There is something about the idea of starting the day with a steaming bowl of oatmeal that is just so pleasant and wholesome. Decorated with cinnamon, swirled with a splash of cream or dotted with fresh berries, oatmeal is a breakfast food that warms both the body and soul. Yet as homey and innocent this staple grain may seem, oats have caused quite a stir in the health community lately. While some people slurp down bowls of hot cereal and crunch granola day and night, others fend off these grains in fear of their high carbohydrate content and possible gluten contamination. So, who is right? Is oatmeal good for you or not? Let's look at the pros and cons of oatmeal to decide for ourselves.
Oats, as we often think of them, are made from the hulled seeds of a cereal grain that is scientifically called Avena Sativa. As the most hardy of plants in their class, oats are known for their incredible ability to flourish in poor soil and survive harsh weather conditions. These robust characteristics have made oats a highly valuable crop for many traditional societies, particularly those settled in climates with volatile or unpredictable growing seasons.
Genetic evidence suggest that oats were first discovered growing wildly in Russia, northern Africa and throughout the Middle East. The various plant species were eventually domesticated however, and spread throughout the rest of the world, notably to Scotland, England and Ireland where they was adopted with great popularity. As such, it is believed that oats were even one of the very first crops introduced to Massachusetts by early settlers in the 1600's. The kernels are most commonly used by grinding and heating into the porridge we know and love as oatmeal. Other uses for oats however include milling it into flour for baking bread and other goodies, or as a stuffing for savory meat-based dishes.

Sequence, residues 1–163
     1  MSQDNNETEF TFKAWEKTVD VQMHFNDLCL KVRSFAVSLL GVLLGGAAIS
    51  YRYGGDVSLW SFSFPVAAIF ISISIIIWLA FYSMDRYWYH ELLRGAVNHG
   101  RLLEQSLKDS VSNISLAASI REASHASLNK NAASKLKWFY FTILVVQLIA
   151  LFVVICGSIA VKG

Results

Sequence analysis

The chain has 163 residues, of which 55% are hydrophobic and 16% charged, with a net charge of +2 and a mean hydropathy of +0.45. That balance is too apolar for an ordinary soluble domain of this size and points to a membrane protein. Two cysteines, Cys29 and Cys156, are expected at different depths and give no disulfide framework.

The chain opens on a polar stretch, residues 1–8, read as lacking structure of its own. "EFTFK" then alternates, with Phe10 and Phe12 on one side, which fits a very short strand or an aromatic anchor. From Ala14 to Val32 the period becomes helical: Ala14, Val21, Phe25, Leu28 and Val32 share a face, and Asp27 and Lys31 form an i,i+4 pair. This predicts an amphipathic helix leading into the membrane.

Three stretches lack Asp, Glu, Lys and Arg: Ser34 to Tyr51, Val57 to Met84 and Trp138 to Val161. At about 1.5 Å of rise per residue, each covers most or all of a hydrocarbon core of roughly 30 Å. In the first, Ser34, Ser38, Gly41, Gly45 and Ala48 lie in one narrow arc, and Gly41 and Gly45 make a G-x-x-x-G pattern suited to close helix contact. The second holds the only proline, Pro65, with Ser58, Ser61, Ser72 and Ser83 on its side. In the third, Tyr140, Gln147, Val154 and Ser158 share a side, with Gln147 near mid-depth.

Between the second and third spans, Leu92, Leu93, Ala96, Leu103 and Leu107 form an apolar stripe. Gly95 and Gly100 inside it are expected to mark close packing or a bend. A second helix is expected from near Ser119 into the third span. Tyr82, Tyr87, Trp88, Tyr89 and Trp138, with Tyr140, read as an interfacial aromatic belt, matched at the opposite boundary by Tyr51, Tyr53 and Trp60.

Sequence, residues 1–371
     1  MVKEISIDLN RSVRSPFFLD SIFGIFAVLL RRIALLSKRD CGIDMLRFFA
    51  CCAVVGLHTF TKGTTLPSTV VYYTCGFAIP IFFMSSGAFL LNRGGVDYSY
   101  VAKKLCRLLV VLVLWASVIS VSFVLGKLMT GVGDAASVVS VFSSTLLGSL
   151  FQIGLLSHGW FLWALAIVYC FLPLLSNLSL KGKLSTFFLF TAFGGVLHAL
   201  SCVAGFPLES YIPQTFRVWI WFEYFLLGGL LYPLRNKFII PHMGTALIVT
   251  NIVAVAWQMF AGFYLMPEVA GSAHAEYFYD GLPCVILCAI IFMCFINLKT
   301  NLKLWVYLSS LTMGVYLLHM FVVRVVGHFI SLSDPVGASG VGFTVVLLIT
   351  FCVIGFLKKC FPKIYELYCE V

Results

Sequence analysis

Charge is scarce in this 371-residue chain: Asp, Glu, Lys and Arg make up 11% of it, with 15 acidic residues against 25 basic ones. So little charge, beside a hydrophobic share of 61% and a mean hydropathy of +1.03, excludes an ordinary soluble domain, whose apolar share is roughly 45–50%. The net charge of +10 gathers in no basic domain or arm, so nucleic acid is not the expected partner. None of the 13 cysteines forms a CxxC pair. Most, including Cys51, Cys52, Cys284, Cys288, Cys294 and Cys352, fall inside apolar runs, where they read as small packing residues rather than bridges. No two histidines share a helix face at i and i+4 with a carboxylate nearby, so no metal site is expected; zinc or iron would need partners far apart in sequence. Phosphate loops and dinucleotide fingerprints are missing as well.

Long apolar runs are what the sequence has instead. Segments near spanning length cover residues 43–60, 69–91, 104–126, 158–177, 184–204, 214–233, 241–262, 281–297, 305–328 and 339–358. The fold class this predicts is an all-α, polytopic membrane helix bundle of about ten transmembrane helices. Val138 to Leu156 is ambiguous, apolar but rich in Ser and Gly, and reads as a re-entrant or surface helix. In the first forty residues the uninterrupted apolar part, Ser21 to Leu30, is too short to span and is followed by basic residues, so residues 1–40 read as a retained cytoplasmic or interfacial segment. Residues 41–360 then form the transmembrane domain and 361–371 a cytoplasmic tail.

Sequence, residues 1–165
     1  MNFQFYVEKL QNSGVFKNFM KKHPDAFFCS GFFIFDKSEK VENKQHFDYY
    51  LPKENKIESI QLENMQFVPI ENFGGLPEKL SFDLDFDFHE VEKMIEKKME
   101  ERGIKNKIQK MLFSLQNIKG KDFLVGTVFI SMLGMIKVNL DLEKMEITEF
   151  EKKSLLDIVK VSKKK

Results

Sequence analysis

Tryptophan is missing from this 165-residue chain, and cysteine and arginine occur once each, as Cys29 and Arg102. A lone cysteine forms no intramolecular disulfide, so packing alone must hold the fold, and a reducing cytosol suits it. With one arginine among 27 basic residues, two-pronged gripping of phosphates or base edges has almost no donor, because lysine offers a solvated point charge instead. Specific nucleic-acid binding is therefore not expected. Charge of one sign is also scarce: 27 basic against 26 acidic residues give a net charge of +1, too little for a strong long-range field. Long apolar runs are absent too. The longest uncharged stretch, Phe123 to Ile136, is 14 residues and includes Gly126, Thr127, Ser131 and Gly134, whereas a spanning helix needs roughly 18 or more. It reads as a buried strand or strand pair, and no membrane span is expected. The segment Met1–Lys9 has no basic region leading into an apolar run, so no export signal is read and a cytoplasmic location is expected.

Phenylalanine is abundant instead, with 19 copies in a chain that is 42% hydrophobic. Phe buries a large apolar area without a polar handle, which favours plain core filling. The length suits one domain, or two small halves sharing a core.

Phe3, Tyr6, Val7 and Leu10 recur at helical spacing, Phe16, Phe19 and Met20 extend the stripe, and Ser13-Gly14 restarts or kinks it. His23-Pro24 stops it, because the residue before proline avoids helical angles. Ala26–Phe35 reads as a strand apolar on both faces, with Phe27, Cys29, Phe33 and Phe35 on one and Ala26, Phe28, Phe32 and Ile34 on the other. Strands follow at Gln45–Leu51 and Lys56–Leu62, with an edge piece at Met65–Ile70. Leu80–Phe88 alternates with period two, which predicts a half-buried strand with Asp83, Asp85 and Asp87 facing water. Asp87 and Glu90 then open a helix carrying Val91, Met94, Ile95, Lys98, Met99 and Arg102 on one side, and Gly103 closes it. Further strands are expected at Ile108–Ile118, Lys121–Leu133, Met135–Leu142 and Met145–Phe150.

Pioneering nutritionist and famed Dentist Dr. Weston A. Price noted the use of oats in the cuisine of several of the primitive populations he studied. In his work, he highlighted the creativity and prowess of one particular group of oat-eaters, a Gaelic community living on a cold and harsh isolated island. Of their fortitude he writes:
"The basic foods of these islanders are fish and oat products with a little barley...Oat grain is the one cereal which develops fairly readily, and it provides the porridge and oatcakes which in many homes are eaten in some form regularly with each meal. An important and highly relished article of diet has been baked cod's head stuffed with chopped cod livers and oatmeal...We saw fisher people with teeth of unusual perfection...One marvels at their gentleness, refinement and sweetness of character." Weston Price, DDS, Nutrition and Physical Degeneration
Beyond agricultural convenience, scientific testing has confirmed the nutritional value of oats to which Price eludes. In their whole form, oats are high in B vitamins including thiamine, riboflavin, niacin, pantothenic acid and folate. They also boast an impressive mineral profile with significant amounts of iron, calcium, phosphorous, magnesium and zinc. Naturally gluten-free, oats contain a unique soluble globulin protein that is overall much easier to digest than that found in other grains and far less irritating to the digestive tract. The soluble fiber content also contributes to improved digestive process and may even promote detoxification processes within the body. As an added bonus, oats include a powerful class of antioxidants called avenanthramides that have been shown in several studies to reduce inflammation when ingested or even when used topically on the skin.